Grannies in the Wainscot

“In all their time as such close neighbors they never exchanged a word.”

Bring up the topic of neighbor, and one story comes to my mind.

Grannies in the Wainscot, as short story—an essay of remembrance—is included in the sublime collection Cider With Rosie, by Laurie Lee. If it seems strange to have written a memoir of one’s life at age 23, as did Lee, his tender recall of the story of two enemy grannies is even stranger.

The setting could not be more romantic, with or without Laurie Lee’s lush prose. An old seventeenth century Cotswold manor house, had, by the late nineteenth century become a sagging but picturesque relic, and subdivided into three living quarters for poorer, less exalted folk. In the pre-war years of his childhood, young Lee and his family inhabited one section, while the other two parts of the home were each dominated by an old crone.

‘Granny Trill and Granny Wallon were rival ancients and lived on each other’s nerves and their perpetual enmity was like mice in the walls and absorbed much of my early days. With their sickle bent bodies, pale pink eyes, and wild wisps of hedgerow hair, they looked to me the very images of witches and they were also much alike.’

There is nothing lovable in this description of the two old ladies, and yet, with Lee’s gift for nostalgic writing, you feel you recognize this pair, and a curious warble of affection begins to play.

Laurie Lee, poet

‘They communicated to each other by means of boots and brooms—jumping on floors and knocking on ceilings. They referred to each other as ‘Er-Down-Under’ and ‘Er-Up-Atop, the Varmint’.

Yes, a stranger pair of neighbors you never did ‘hear the like of’ as my grandmother would have said. And speaking of my grandma Josie, she knew how to wield a broom with a fair bit of precision. I can also remember her little ‘war’ going on for years with the old neighbor lady in the back of the property.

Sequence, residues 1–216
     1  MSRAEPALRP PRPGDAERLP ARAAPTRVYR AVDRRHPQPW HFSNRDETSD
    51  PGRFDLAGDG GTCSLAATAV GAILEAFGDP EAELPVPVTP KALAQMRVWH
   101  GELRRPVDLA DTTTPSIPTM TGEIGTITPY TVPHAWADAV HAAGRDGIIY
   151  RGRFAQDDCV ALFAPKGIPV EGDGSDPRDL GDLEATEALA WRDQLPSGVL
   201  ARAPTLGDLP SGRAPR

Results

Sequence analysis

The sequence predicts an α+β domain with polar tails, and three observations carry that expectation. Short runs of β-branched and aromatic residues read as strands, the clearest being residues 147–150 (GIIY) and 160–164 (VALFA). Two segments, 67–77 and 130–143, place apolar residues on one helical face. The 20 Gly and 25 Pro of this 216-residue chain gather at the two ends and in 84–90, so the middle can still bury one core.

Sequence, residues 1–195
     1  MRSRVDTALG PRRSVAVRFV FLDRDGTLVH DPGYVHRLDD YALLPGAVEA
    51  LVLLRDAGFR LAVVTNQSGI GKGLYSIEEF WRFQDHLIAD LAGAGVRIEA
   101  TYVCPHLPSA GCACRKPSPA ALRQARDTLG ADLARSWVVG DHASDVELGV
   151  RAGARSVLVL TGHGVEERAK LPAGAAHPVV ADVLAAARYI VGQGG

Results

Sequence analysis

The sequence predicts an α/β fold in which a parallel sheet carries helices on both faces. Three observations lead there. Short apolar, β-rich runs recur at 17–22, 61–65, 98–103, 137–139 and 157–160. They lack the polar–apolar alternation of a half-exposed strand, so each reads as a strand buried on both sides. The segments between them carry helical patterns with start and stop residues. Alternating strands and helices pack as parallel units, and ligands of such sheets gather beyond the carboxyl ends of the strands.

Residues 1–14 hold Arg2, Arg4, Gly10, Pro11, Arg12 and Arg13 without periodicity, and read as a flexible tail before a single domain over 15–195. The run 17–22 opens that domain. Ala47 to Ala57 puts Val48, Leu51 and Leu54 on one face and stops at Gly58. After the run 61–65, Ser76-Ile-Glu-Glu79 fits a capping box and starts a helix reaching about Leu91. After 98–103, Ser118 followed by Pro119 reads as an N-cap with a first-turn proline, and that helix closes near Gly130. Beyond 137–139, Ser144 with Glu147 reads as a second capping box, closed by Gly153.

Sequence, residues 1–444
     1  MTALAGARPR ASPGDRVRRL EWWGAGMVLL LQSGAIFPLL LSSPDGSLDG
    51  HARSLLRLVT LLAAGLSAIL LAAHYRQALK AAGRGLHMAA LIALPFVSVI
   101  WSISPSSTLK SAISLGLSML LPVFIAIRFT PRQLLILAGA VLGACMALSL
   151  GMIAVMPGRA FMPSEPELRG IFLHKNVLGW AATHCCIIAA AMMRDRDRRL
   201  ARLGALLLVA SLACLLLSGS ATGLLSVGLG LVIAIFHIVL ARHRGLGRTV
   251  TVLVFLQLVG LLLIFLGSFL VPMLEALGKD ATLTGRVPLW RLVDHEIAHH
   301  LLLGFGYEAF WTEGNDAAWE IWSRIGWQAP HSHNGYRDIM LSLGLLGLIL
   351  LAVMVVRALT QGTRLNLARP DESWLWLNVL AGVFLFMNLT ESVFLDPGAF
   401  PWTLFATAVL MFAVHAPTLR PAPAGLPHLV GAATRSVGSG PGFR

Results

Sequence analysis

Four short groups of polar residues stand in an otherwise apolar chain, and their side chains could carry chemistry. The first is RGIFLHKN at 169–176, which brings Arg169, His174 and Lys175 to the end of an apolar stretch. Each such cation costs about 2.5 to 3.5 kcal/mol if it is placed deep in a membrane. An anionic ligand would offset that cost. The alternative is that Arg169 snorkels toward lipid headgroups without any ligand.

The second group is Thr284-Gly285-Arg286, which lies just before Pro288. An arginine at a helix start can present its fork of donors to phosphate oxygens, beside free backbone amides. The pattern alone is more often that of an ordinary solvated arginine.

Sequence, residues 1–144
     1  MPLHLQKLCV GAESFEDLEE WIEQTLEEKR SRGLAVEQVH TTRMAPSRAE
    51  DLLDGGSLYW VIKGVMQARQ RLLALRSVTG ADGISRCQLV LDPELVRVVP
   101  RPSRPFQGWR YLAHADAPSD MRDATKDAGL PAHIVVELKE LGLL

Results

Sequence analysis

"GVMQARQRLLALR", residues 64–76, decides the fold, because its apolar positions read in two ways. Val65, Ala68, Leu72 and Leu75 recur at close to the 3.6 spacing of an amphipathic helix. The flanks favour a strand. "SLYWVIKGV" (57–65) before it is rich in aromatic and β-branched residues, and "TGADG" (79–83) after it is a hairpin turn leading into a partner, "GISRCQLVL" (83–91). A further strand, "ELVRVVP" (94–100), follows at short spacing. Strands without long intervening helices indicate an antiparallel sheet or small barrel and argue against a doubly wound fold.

So perhaps such stories of neighbors resonates a bit with all our memories. Lee’s recounting of the old beech tree I found particularly beautiful.

‘“Me dad planted that tree,” [Granny Trill] said absently, pointing out through the old cracked window.

‘The great beech filled at least half the sky and shook shadows all over the house. Its roots clutched the slope like a giant hand, holding the hill in place. Its trunk writhed with power, threw off veils of green dust, rose towering into the air, branched into a thousand shaded alleys, became a city for owls and squirrels. I had thought such trees to be as old as the earth; I never dreamed that a man could make them. Yet it was Granny Trill’s dad who had planted this tree, who had thrust in the seed with his finger. How old must he have been to leave such a mark? Think of Granny’s age, and add his on top, and you were back at the beginning of the world.’

The poignant part of Lee’s recounting, comes, of course, at the end.

One day Granny Trill stumbled and broke her hip.

illustration by John Ward

“She went to bed then forever.”

Granny Wallon came a’crowing… “her’s going you mark my words.”

But Granny Trill’s death knell was Granny Wallon’s, too. In the oddest, most neighborly act between the two rival crones in the decades they had lived next to each other without speaking, Granny Wallon soon went, too.

‘Granny Wallon had triumphed, she had buried her rival, and now there was no more to do. From then on she faded and diminished daily, kept to her house and would not be seen. The wine fires sank and died in the kitchen, as did the sweet fires of obsession….there was nothing, in fact, to keep her alive. No cause, no bite, no fury. Er-Down-Under had joined Er-Up-Atop, having lived closer than anyone knew.’

Wild and Free

What I really wanted was a pair of Nancy Sinatra go go boots

“What I really wanted was a pair of Nancy Sinatra go-go boots.”

When you are in the third grade, earnestly drawing pictures of horses, lost in dreams of riding with wild horses over the open plain, punctuated by dramatic moments of having your life saved by a wild stallion (who fiercely tramples a rattler poised to strike you)  and subsequently writing all of these dreamed-of adventures into stories with titles like ‘Wild and Free’; you have no idea you are fulfilling a stereotype.

In the third grade, you have no concern for stereotypes. You don’t know what the word means, and it wouldn’t matter if you did. You are just free to Be.